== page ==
In High School, I was known as a tree hugger. In fact, I was told a couple of years ago that everyone expected me to immediately join Greenpeace after graduation and sail upon the seas deterring whalers and other wrong doers from their nefarious deeds against nature. Wow, no pressure there, right? I’ve always been torn between two loves, water and the stars which probably explains why I was a competitive swimmer while dreaming of being an astronaut. Life though has a way of opening doors you didn’t even know you were looking for.
My very first stories were written on scrap paper, very short and (if my mom and g’ma were to be believed) very good. I’d go through spurts of writing, then off I’d go with some other interest until one day I’d sit and write something else. It never really occurred to me that I could write – that was for other people, people with talent. Me? I was a kid and kids weren’t writers. So instead I’d stay in my earthly world doing earthly things and try and ignore those ideas in my head after a movie or TV show because, believe me, my family didn’t need any more encouragement to think me the odd one of the bunch! So, I’d recycle my cans, go to the library, celebrate a piece of clothing handed down from friends and find other uses for 2-liter bottles and used ziplock baggies. I had a JanSport backpack that I took everywhere and it carried everything for me. It was strong, durable and incredibly versatile – I’ve used it as a pillow on trips, a back support during rest stops and even threatened to use it as a weapon once when I had someone bother me when walking after school. I’d still have it today except my kids broke a clasp and they didn’t know the piece could be replaced (lifetime guarantee, you know) and threw it out without my knowledge. So, to say that I can make something last, find other uses for it and generally would rather be drawn and quartered than toss something before it’s time is an understatement. Which could explain why I still have puzzles from my childhood that I haven’t gotten rid of, even though I’m sure more than one piece is missing – I’ll either find those pieces or figure out some other use for them, by darn!
So, years later I sit and I listen to the debate that rages between physical and e-books and wonder just what the real issue is here? I love to cuddle with a good ‘real’ book as much as the next guy, but I have the attention span of a four-year-old (c’mon… do you not know me?) so it’s easy to conclude that I can and will flip back and forth between books like a Vegas showgirl changes clothes – it’s often! So, either I go back to my High School days where I had a book in my backpack, another in my purse, one in the car and several alongside my bed, or I enjoy the versatility of an e-reader. Well, I know where the logical part of my brain is going if for no other reason than to save my back from the strain. However! I love to sit and feel the pages under my fingers, hear the sound of the paper turning page by page (or if I get bored, flip ahead until it gets good again). So where is the balance?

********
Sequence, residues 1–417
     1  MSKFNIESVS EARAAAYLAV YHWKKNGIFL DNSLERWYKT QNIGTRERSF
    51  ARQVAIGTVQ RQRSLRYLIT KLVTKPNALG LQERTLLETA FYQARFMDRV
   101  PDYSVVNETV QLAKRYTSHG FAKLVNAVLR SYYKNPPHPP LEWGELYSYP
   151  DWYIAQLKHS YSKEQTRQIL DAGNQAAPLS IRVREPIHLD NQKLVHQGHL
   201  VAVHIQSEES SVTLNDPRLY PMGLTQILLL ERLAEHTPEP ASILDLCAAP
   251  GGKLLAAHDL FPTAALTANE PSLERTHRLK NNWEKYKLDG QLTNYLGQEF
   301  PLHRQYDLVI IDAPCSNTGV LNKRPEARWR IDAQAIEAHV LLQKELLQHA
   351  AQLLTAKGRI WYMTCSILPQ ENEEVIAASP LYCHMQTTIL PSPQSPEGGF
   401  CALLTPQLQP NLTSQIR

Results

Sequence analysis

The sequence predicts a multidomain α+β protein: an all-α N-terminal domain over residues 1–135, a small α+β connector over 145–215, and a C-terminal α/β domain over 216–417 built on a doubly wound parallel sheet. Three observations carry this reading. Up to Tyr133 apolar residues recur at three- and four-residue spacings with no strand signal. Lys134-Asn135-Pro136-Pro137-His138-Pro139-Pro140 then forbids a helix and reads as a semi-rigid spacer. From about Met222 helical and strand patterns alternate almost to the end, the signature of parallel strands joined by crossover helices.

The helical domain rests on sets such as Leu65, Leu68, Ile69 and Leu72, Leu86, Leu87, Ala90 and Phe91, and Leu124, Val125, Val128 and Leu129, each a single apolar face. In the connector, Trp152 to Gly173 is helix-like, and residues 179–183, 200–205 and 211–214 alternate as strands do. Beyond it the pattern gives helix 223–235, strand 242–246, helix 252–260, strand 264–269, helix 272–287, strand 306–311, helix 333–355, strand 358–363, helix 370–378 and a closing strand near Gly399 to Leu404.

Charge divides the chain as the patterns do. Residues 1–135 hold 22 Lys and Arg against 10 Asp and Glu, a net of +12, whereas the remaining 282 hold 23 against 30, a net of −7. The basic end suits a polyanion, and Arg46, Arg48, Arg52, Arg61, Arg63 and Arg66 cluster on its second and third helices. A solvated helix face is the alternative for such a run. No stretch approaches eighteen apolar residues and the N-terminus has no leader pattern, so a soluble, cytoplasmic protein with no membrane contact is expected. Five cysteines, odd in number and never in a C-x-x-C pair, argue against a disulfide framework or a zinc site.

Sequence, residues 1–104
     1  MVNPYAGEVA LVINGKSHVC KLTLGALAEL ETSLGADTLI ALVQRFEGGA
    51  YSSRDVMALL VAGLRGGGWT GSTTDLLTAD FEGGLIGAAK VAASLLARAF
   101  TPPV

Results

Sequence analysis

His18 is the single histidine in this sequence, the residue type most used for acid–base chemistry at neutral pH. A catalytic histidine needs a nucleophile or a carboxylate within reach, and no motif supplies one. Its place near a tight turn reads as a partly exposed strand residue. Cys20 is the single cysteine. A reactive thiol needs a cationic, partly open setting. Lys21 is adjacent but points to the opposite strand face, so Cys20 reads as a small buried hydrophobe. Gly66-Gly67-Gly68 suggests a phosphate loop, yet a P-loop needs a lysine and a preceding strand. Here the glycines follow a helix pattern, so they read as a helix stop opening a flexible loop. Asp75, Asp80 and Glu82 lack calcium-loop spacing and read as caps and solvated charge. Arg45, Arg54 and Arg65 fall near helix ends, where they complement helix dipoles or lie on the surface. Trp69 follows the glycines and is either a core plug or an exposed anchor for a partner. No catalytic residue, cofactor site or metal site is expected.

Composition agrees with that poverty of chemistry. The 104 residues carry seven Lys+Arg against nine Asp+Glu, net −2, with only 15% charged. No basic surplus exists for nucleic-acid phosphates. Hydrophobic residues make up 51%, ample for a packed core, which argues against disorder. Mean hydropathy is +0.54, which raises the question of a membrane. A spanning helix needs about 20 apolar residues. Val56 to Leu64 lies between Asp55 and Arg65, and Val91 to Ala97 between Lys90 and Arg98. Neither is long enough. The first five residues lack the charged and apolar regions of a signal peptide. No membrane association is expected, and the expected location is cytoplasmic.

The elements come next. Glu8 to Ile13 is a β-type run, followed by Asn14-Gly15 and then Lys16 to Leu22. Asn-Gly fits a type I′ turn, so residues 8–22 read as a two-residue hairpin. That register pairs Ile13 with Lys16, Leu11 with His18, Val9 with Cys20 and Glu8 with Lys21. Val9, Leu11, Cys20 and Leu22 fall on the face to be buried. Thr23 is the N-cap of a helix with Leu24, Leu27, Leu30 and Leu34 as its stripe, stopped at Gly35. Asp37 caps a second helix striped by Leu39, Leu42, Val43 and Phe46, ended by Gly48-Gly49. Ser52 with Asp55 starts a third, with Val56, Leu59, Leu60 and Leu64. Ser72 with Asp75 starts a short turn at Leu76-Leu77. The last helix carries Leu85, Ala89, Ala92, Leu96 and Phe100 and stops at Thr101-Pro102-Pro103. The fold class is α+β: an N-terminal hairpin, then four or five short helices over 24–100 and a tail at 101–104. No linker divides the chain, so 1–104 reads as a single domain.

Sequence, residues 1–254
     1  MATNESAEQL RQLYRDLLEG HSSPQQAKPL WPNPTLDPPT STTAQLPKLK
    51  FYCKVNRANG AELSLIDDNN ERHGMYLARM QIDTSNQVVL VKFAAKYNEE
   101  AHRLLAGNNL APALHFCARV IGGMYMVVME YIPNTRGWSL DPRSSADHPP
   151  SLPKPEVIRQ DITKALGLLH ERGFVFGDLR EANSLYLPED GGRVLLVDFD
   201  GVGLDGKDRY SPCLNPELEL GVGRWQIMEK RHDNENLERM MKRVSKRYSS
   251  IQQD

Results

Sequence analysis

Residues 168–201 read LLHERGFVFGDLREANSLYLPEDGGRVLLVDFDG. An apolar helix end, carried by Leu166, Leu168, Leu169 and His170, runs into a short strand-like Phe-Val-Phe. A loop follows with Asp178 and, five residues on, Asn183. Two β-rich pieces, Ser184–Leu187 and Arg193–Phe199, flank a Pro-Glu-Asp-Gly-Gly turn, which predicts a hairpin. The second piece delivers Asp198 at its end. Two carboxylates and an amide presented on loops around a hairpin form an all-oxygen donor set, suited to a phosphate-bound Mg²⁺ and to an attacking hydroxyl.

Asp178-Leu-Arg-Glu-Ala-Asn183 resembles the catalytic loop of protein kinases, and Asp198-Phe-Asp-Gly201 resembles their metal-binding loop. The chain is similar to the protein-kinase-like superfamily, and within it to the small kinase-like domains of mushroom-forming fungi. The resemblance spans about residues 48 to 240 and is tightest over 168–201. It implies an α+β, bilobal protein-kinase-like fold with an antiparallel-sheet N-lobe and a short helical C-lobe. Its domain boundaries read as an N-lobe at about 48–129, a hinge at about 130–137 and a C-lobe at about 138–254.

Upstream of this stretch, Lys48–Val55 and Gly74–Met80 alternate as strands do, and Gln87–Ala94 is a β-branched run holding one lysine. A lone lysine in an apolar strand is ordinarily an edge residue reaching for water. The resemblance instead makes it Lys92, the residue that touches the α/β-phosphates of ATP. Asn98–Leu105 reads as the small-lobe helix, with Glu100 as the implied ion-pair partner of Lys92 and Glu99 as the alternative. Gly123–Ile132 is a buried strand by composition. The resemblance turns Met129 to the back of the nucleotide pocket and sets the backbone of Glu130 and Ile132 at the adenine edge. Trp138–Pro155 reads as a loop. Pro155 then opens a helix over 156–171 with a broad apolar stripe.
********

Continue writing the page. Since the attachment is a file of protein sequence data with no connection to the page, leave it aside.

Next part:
The more I learn about traditional publishing, the more my tree hugger side goes, “Oh, hell no!” and balks at the thought of another title being released… ever! Then again, with the new business side of publishing coming into light, print on demand is actually taking a foothold for many reasons – waste being one of them. Oh sure, print on demand titles cost more upfront but what about the long term effects? With POD there are not tons of books sitting in warehouses or, heaven forbid, get tossed into landfills. Only those books needed get printed so there isn’t the additional energy and resources being used for printing, storing, and managing of said books. All of this makes a great argument for e-publishing, right? Well, not if you consider the energy and components used to make the neat little gadgets that make e-reading possible. Let’s get real here. Right now I can read a book on my computer, phone, and my tablet (yes, I have one and it’s come in very handy as a sanity sucker…saver…whatever!). It could be the same book or a different book and, in some cases, I can put it down on one device and pick up right where I left off with another no matter where I am. Although that sounds a lot like a normal everyday book, you have to admit that when our electronic devices can keep track of us better than our kids, well… I’m starting to wonder if maybe Orson Wells knew something we didn’t. That’s another rant for another time, though. Right now I’m on the fence.
I’m a busy person who loves to read and wants to make my reading experience as hassle free as possible. I’m also someone who has diverse interests and have been known to read Popular Science one minute and a romance novel the next (and a sci-fi waiting on the side). So, short of filling up my backpack with three magazines, two books and at least one of my manuscripts to edit, I can easily put all of that on my tablet (except the ms, I’m still old school about that) and have it with me when I stop for a break or get the oil changed. Maybe the decision would be easier if they made e-readers cuddlier.